One day I’d have a grand piano. That seemed practically impossible as we lived in a small maisonette. My Husband, John, knew life was safe…until
A pupil told me her granddad was selling a heart shaped piano to a music shop. A phone call later (not to John) the cogs were in motion…How was I going to convince John that I needed a grand piano. Would Mum store it until we had a bigger house, a ‘minor point’? All this had to be within 24 hours as the shop was coming on Monday morning and it was Saturday night.
On Sunday, I managed to convince John to come with me to see it, but he was adamant we were NOT going to buy it. That was until he saw it, then most of my work as done; you could almost hear the ‘major’ calculations as he was working out where to find the money.
The piano was a 4’6” baby Grand piano with Ivory keys. The families’ dog had chewed the edges of the pedal box assembly and the grandchildren had scorched the varnish on the lid, a little flat, but it was perfect for us.
After a good dose of Poulenc and Gershwin we decided to have it. Mum offered to store it for us, the condition being that she could use it when the need arose. (Some of her pupils may remember two pianos squeezed into the teaching area)
The carrier was booked; nothing could go wrong; could it?
The BIG DAY, The removal company was due between 11.00 and 12 noon. At 10.00am a phone call
“Can we leave it till t’morrow, we’re a bit pushed out right now?”
The answer a firm “NO!”
11.00am. Piano paid for, it started to rain, and we waited. It kept raining, we kept waiting. One and a half hours late they arrived. The rain and I held our breath long enough to move the piano.
As they dis-assembled the piano many stories began to unfold of pianos going upstairs, around corners, through windows…none having been seriously damaged. Soon the piano was legless, topless and balanced on a slipper, slowly being strapped down by many blankets, straps and buckles.
I held my breath as, supported by 4 men, the piano swayed between two very close walls. In time, it seemed like an age, we arrived at the van. The back was opened and it was totally full of house-hold goods, uprooted plants, pots, bikes etc…
Where was my piano going to go?
I must have looked rather worried and exasperated because the elder gentleman advised me that anything would fit, with a little persuasion. In a flash the van was re-arranged and the piano squeezed in. the lid, pedal box assembly and legs were still in the house.
“What car d’ya ‘ave luv?” I was asked by a younger gentleman.
“Volvo 340 hatch” I cautiously replied
“Good, pop t’seats down and we’ll fit the rest in thur” I didn’t really have that much choice.
We were off at last, 2 hours late and just in time to rendezvous with mum’s first pupil! As we pulled up the elder gentleman nearly had heart failure when he saw seven steep steps ascending to the house. I assured him, quickly, that it was to go in the back, two small steps and a swamp, oops lawn.
As the piano came through the back door, the pupil came through the front. She couldn’t believe her eyes when she saw a piano coming through the back doors. After a quick explanation and apologies, she was given an impromptu week off.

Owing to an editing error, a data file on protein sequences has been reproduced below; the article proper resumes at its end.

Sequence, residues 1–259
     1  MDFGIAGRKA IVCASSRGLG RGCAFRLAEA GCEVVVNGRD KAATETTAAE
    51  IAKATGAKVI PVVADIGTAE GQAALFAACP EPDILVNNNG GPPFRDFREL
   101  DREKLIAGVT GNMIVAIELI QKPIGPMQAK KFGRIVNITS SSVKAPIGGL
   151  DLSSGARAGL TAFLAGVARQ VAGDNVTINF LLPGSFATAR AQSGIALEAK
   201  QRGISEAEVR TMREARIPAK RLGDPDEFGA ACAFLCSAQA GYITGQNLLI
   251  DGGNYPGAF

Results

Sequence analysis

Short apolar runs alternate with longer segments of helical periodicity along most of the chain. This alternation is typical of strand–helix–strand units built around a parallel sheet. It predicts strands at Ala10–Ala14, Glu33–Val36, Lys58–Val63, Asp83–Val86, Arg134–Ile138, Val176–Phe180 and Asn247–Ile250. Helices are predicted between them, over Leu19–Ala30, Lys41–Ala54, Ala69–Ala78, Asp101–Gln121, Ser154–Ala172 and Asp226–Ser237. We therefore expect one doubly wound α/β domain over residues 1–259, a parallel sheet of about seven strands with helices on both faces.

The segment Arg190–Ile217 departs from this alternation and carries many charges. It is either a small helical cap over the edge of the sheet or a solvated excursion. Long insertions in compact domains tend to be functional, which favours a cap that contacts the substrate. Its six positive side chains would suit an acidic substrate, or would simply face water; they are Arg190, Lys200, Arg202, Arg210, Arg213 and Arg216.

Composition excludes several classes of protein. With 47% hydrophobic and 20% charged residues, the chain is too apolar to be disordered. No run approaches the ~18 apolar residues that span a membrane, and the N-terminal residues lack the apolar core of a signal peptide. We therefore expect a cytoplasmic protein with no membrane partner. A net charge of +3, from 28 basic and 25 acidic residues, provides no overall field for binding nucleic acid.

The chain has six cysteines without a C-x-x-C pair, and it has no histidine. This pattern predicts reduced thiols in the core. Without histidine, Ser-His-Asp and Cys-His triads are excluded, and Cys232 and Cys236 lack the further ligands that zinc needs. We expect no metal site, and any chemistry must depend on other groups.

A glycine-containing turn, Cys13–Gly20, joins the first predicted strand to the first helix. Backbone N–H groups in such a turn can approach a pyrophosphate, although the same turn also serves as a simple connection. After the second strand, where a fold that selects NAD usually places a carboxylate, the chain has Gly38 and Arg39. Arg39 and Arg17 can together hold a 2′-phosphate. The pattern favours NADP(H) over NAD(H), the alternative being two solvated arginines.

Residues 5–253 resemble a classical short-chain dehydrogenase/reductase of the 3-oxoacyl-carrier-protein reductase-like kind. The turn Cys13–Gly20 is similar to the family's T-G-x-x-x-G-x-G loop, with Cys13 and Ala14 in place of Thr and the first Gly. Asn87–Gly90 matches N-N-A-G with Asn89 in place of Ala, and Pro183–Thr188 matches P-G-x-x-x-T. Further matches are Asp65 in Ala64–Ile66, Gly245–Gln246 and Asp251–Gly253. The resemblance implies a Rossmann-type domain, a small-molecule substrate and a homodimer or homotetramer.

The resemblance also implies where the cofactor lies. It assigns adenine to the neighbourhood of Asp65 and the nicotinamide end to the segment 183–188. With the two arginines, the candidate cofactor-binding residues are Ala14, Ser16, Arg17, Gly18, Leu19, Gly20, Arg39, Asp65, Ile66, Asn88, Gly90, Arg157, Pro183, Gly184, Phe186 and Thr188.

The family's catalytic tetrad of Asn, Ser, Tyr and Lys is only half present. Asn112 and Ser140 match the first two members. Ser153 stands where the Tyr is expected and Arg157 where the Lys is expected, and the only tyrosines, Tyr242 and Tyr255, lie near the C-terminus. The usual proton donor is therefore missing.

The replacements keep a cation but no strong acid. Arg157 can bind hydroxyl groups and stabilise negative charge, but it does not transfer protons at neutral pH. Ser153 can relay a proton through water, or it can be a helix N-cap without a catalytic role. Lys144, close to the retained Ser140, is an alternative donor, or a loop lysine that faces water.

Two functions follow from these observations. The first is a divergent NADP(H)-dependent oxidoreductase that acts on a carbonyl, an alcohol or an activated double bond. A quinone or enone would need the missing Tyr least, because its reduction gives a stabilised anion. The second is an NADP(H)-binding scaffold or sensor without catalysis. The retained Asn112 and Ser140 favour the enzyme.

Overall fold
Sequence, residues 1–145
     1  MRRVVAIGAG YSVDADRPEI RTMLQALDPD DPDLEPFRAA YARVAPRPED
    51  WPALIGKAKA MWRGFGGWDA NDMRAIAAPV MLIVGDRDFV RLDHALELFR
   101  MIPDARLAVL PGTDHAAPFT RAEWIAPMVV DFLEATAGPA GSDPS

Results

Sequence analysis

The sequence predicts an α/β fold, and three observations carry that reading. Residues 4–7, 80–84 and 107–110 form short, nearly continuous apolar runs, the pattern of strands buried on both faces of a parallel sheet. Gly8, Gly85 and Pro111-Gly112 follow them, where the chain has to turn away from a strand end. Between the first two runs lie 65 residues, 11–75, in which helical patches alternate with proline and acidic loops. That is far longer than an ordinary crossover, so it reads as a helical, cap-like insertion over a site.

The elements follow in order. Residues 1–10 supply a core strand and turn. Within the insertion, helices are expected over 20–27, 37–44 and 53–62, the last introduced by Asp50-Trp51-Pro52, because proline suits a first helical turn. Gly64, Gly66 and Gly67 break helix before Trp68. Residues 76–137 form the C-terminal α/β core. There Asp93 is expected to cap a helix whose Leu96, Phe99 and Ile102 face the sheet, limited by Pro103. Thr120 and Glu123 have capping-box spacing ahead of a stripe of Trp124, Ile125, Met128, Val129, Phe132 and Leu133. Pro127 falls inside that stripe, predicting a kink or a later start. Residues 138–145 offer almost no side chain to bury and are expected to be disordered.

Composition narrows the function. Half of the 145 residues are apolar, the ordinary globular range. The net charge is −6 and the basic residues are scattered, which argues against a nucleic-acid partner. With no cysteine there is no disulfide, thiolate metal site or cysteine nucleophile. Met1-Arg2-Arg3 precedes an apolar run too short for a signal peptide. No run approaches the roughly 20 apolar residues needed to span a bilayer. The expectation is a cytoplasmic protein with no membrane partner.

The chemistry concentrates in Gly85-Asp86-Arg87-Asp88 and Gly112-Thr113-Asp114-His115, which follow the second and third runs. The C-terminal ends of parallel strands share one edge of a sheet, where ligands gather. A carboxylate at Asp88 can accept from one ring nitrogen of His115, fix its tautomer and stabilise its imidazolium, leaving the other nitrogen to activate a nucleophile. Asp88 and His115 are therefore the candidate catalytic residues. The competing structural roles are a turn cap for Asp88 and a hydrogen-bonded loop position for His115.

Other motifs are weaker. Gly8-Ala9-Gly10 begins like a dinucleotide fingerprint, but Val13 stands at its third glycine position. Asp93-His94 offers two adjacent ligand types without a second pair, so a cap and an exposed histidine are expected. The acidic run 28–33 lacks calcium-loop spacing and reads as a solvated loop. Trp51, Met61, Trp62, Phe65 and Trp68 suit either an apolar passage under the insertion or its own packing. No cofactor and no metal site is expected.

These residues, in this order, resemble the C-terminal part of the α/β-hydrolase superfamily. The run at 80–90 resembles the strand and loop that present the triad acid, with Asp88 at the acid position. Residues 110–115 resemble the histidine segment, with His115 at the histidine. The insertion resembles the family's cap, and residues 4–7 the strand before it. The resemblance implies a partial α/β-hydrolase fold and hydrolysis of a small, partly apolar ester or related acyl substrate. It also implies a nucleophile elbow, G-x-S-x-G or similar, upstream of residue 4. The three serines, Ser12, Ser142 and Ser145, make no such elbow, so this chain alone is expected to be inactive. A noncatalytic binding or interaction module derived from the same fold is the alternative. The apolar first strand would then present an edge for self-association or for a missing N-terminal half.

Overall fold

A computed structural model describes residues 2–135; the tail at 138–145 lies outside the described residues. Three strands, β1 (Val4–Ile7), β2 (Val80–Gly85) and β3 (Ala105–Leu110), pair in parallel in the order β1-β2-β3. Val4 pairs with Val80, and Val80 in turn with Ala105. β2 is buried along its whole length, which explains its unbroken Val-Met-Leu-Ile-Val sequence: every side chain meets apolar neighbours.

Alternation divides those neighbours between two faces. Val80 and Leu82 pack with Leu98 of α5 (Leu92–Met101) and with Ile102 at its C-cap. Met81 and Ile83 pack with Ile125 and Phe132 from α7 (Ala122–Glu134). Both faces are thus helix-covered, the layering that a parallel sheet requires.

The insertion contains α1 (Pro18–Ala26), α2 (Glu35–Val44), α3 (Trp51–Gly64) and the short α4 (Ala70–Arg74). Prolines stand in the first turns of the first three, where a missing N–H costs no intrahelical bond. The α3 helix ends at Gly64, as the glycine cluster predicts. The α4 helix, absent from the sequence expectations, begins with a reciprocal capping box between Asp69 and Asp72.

Two of the three legs were attached, we held our breath as it descended from vertical to horizontal, the last leg was attached just before it was level. As the piano was moved to its resting place I held my breath again as the back leg bowed under the weight. The castors were solid, never to move again, so it was lifted not rolled.
Badly out of tune it required a good play in. It had been played more in 3 days than it had in 10 years, having been an expensive ornament. It now has a lovely warm tone. An older pupil of mums noticed the keys and said “Yikes a dead elephant”. You can’t buy Ivory keys; it is so nice to “Tickle the Ivories” literally.
Since then we have bought Mum’s house, not because we didn’t want to move the piano I assure you….
We have had two children who walked into just about every point or curve. When the third child was due we had to sell this wonderful instrument for a bigger car to seat 5. It broke my heart the day it went. Years on I still found myself dreaming of my Grand piano and out of the blue one day, a phone call,
“Do you happen to want a Grand Piano…?”
Oh boy…I had the house, the space….Would John go for it again.
“How much?” I hesitantly replied…
“It hasn’t really been played much, it’s just an ornament. It was given to us by our Pastor so you can have it free, just collect it”
How many readers really think John believed me….LOL…can you picture the discussion that night
”Well there was this guy who phoned up and said we could have his piano”
“Yes sure, we have been here before, remember you wrote that story on it”
“Yes but it is true, ring him and check”
A little while later, a friend who has a removal firm, and my miracle piano arrived.
A co-incidence, well, maybe, but I like to see it as my little present from above. It is played daily, in much better condition than the other one and takes centre place in my living room. Piano dreams….on a grand scale.
Next time I will be careful what I dream about.
(2020 Update: This all happened in the 1992 - early 2000. We now have 3 children, who are adults and are on our 3rd grand piano which we bought new and will stay with us for many more years. 2 of our children now teach with us at Stalybridge Music Academy.)